Before I get into this blog I want to make a large disclaimer. I know that in so many ways I am unqualified to write it! I was married very young and have been married for a long time. I don’t have experience of being single.
However, as a Christian leader I feel that I should reflect on a Christian perspective on singleness, because it is such an important subject and I have concluded there is much unhelpful thinking about the subject out there that needs to be addressed. I think it is a subject that both married and single people need to think about.
It is a subject I have been reflecting and thinking about for a while now, as a married man. I feel it is my responsibility to say something as a married Christian leader. Which is what I intend to do in this series of blogs.
Please see beyond my personal circumstances and see what I have to say. Whether you are married or single!
The first and most important thing I want to say is that singleness is not just the absence of marriage, but is a good and blessed thing in and of itself.
The Bible is very positive about singleness. Jesus himself was single, and this is very significant. He was the most fully human and complete person who ever lived. His singleness in no way diminished his humanity. He was not less of a person for it. No one is. Marriage, for all its blessings, is not intrinsic to being whole and fully realised as a person. Jesus himself stated very clearly that in the new heavens and new earth we will not be married. Marriage is only temporary, singleness is eternal! E.g. Matthew 22v30.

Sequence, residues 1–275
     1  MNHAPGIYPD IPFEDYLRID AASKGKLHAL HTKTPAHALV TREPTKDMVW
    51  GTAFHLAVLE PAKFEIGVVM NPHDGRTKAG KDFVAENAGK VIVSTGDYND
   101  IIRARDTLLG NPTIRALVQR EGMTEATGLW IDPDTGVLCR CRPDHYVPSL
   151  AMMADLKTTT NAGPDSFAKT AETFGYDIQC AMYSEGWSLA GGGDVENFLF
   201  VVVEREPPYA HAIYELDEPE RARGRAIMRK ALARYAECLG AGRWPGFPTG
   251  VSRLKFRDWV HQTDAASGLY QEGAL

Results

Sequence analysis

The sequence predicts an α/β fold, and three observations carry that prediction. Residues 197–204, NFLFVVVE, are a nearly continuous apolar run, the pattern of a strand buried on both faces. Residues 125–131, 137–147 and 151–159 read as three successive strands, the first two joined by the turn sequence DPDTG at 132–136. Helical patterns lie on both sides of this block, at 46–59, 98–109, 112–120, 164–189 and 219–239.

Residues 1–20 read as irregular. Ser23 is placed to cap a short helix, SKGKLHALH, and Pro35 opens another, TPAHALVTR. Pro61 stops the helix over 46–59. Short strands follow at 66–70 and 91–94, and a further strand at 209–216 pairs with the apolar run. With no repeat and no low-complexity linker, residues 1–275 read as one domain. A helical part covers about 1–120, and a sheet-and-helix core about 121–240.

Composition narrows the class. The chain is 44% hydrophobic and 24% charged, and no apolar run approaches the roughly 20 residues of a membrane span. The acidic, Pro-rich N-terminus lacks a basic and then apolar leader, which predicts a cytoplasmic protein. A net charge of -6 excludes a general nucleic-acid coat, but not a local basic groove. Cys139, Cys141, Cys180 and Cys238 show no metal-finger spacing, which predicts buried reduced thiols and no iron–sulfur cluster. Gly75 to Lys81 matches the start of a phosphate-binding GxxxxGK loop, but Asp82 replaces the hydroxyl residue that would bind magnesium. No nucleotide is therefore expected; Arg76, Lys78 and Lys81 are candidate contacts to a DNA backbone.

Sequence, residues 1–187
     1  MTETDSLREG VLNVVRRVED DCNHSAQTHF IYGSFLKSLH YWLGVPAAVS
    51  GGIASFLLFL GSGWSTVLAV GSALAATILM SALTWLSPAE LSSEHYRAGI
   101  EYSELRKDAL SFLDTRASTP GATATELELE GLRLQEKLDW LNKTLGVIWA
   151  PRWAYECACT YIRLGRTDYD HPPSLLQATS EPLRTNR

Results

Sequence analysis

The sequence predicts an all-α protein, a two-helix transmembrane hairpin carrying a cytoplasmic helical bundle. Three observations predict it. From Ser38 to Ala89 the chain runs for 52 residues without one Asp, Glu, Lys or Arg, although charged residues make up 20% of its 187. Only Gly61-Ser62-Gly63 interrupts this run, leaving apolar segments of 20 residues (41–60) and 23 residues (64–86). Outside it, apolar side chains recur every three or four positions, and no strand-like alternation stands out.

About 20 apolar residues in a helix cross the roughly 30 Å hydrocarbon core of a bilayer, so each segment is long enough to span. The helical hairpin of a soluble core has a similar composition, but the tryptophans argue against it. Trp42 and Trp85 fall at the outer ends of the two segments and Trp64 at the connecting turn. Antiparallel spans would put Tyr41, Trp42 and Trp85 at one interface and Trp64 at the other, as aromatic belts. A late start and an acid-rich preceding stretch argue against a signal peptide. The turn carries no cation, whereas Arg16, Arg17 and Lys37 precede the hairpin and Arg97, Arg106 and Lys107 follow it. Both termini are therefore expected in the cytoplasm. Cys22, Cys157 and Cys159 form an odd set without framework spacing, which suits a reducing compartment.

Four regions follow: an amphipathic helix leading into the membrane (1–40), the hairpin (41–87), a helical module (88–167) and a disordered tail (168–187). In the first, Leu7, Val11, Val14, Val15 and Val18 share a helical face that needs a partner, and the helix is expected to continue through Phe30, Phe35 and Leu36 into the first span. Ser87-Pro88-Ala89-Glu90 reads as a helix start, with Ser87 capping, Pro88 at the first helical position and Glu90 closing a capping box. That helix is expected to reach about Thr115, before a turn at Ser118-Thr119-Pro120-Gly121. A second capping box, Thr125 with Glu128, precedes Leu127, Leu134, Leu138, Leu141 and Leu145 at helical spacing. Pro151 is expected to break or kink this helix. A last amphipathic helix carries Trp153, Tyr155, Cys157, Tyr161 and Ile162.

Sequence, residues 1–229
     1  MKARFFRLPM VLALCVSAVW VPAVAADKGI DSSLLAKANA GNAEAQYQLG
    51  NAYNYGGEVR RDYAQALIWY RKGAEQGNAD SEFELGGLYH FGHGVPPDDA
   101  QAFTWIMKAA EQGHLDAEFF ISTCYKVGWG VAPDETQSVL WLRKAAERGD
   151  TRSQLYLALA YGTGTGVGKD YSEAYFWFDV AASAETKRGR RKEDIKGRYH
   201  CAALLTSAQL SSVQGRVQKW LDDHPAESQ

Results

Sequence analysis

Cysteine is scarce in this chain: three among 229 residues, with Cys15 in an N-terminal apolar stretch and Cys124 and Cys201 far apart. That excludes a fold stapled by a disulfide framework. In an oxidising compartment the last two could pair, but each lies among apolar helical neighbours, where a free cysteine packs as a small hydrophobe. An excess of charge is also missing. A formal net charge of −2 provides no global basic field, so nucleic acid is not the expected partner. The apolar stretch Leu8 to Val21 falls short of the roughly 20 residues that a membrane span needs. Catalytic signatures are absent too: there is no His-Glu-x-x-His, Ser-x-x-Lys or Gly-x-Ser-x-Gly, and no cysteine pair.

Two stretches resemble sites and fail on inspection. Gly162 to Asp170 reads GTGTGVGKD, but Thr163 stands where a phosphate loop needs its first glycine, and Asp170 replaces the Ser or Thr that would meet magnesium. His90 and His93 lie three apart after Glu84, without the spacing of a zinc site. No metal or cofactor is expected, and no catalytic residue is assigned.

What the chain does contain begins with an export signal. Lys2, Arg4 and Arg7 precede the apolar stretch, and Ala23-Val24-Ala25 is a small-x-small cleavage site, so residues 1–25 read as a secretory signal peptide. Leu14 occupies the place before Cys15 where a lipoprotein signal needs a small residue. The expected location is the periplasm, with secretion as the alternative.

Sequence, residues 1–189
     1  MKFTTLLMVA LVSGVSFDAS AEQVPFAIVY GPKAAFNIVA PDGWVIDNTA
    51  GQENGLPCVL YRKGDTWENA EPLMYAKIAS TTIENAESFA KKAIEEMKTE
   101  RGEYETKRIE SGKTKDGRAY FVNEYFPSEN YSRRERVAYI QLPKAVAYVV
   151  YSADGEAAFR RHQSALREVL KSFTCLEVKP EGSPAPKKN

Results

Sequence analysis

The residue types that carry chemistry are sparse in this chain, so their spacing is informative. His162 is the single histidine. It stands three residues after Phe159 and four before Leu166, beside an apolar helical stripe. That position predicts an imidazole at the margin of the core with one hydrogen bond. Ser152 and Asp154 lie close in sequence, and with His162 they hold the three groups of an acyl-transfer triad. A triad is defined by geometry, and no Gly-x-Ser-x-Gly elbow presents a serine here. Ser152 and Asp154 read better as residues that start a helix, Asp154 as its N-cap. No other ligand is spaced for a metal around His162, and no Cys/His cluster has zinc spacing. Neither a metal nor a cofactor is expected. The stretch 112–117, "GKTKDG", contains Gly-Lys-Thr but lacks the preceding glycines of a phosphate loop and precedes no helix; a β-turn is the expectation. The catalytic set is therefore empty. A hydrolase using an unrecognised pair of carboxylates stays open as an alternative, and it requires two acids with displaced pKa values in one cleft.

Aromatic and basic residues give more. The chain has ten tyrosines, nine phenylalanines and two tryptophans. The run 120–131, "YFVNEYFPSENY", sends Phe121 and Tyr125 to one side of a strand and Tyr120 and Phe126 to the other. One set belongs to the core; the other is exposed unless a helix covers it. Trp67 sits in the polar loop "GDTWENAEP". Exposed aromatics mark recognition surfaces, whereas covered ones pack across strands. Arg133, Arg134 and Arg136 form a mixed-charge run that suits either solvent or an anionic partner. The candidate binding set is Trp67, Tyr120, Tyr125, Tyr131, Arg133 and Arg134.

No-one needs to be married to be a complete human. However, the assumption that too many make is that you do. Parents make that assumption, looking forward to their offspring getting married, putting pressure on their children to marry. Friends make the assumption when they see couples getting together. I have realised that I have subtly fallen into this wrong thinking myself and have put unhealthy pressure on single people, I will do all I can to not do it again. I ask you to do the same.
We need to be very clear on the subject. Each state (married and single) has its own ups and downs, opportunities and challenges, grief and joys. One is not superior to the other.
You can often tell what an organization values by what (or who) they celebrate – we need to be better at celebrating all of the Christ-like single men and women (for whatever reason) in our midst. They have been given a precious gift that deserves a party or two as much as any marriage does.
There are many advantages to being single. Single people often have a greater capacity for friendship, greater flexibility of lifestyle, and are free to serve in a greater range of ministries than might be the case with their married friends. Pastorally, I’ve actually discovered more loneliness in marriages than among single people, because marriage can isolate people from their friends; it’s always worse in a context where no-one expects it.
Written by Tony Thompson